I used this quote last week at the Bluegrass Mass, but it is too good not to use again. From author Frederick Buechner, “Resurrection means the worst thing is never the last thing.” Jesus showed Peter by not bringing up his denials but giving him a task to do that his worst moment was not the end of the story. Jesus had plans, and Peter was pivotal in making them happen. He met him where he was and got him to where he needed him to be.

The last confrontation might seem a surprise, but it is from the Revelation text. Through John of Patmos, we see a vision of heaven. While I do not see the need to take this literally, I do believe in the Truth with a capital T of the vision. The persecuted church who were the first recipients of this text needed a reminder of who they were and what they were to be about.

In today’s text, all the Elders, often seen as the 12 apostles and the 12 prophets, are around the throne with the four living creatures, portrayed on our Gospel book and often taken for the Gospel writers, with all of creatures in heaven, on the earth, and under the earth, and in the sea, and they sing out, "To the one seated on the throne and to the Lamb be blessing and honor and glory and might forever and ever!"

You have heard the phrase God is in his heaven and all's right with the world. The persecuted church heard the same message that day. God is on his throne. However, what is the image of Jesus? A mighty conqueror? No. A lamb. A slain lamb at that. One that is meek and weak. One that is wounded and sore. One that is worthy of all honor and praise. This is what we look to, this is what we are given. This is a reminder that all will be okay, but also it gives us our marching orders.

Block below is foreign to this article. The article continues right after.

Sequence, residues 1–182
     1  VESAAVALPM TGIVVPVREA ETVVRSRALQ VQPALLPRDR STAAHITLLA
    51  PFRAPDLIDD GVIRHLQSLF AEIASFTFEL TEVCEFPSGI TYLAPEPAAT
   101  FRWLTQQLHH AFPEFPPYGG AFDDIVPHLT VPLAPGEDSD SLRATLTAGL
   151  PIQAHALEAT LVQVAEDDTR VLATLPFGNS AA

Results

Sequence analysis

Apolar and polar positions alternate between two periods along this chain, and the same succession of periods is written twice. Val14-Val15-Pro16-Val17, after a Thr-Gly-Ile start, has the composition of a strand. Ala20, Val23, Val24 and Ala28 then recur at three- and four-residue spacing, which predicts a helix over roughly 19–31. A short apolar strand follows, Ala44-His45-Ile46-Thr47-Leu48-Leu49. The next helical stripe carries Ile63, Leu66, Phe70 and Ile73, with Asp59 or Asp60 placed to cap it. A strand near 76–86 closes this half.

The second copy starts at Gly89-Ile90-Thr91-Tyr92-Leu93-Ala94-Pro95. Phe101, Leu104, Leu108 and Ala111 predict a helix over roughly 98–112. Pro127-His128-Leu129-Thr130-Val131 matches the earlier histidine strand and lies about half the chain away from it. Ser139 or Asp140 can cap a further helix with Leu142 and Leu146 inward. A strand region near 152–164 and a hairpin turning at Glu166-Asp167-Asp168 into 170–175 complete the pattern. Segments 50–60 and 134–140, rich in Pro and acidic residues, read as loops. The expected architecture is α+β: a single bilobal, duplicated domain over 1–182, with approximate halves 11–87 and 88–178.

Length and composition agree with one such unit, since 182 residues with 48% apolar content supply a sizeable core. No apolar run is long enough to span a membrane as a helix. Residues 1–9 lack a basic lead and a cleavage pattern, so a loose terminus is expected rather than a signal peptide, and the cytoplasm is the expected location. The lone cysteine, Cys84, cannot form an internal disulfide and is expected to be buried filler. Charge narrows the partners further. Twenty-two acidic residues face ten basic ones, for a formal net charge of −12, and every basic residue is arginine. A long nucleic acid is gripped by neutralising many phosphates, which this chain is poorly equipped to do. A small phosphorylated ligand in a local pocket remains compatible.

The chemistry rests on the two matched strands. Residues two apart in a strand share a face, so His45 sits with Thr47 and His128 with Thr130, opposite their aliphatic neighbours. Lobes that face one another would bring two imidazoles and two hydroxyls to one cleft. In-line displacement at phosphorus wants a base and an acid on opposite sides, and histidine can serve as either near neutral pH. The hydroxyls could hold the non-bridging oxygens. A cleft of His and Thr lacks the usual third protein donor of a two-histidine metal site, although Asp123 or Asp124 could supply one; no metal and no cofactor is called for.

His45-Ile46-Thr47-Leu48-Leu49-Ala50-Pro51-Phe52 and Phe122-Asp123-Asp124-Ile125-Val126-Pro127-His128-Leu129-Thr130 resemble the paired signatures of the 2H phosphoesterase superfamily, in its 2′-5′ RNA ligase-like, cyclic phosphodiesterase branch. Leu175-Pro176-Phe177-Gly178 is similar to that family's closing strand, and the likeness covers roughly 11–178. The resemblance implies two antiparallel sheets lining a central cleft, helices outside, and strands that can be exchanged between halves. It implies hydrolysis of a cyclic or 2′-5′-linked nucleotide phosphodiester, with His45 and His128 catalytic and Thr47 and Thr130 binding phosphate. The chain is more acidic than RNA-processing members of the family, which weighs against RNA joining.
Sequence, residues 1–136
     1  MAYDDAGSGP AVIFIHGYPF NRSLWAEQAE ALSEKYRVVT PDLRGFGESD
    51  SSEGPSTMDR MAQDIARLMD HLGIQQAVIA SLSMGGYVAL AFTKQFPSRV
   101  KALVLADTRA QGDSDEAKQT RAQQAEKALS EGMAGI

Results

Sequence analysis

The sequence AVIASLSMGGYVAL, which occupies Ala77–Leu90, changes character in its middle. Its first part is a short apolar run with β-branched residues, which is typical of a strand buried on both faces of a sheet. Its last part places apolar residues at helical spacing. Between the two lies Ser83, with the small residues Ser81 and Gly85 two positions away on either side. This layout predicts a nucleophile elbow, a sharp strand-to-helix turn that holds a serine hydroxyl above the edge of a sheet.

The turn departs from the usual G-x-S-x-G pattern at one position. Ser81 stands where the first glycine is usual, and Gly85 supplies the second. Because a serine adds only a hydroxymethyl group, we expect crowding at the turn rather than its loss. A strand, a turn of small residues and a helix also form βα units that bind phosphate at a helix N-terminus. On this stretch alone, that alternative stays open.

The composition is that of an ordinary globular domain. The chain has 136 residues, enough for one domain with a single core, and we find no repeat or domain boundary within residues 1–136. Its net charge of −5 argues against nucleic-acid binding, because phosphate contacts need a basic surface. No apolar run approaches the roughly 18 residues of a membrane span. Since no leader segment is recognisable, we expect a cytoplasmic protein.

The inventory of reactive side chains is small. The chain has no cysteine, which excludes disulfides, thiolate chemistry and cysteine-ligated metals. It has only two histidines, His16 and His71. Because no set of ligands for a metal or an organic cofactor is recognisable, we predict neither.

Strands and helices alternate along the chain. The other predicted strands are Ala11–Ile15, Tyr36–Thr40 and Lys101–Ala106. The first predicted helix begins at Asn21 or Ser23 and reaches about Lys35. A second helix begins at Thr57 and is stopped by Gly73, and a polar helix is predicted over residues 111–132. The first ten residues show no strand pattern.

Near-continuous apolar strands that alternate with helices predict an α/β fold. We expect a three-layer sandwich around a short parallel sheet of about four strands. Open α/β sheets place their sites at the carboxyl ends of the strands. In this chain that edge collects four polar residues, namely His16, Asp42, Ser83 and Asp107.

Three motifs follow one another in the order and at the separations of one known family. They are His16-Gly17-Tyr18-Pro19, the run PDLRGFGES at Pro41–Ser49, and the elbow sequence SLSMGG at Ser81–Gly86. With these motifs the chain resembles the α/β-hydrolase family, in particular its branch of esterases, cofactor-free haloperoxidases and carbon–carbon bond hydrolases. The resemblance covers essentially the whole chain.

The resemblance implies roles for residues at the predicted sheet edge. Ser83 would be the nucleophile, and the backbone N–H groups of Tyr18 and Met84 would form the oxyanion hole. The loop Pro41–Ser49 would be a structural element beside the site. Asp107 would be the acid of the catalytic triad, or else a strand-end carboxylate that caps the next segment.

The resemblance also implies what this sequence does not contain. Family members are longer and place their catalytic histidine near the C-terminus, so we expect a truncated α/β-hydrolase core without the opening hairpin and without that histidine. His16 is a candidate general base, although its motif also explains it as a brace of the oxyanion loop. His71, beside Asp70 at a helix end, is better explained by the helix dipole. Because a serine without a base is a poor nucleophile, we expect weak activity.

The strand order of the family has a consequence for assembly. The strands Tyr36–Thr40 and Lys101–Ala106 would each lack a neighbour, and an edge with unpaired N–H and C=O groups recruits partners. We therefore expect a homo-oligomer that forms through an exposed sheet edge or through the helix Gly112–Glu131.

We follow a Jesus who rides in on a donkey, not a stallion. We follow a Jesus who washes his disciples’ feet, not one who demands his way. We follow a Jesus who loves us to death. Literally. In the vision from Revelation we are shown that the humble way of unrelenting love is at the center of all that is. The Risen Lord as the Lamb that was Slain painted for the persecuted Church a stark difference to the Emperor who conquered by fear and intimidation. It paints for us the same.

Stop worrying about trying to get hold of the Owner. The Owner is trying to get through to us. Will we take the call? Jesus’s last words to Peter on that morning over breakfast speak to us today as well. We have nothing to fear. We do not need to use fear and intimidation to demand orthodoxy, like Saul. We do not need to let our worst thing keep us from following Jesus, like Peter. No matter where we are, no matter what we have done, Jesus calls us, like he did Peter that day. After the three questions and three commands, the story ends with Jesus giving Peter two simple words. Jesus’ final words to Peter stay with us, because they are for us, too.

Jesus said, and says to us, “Follow me.” Amen.

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Blessings, Rock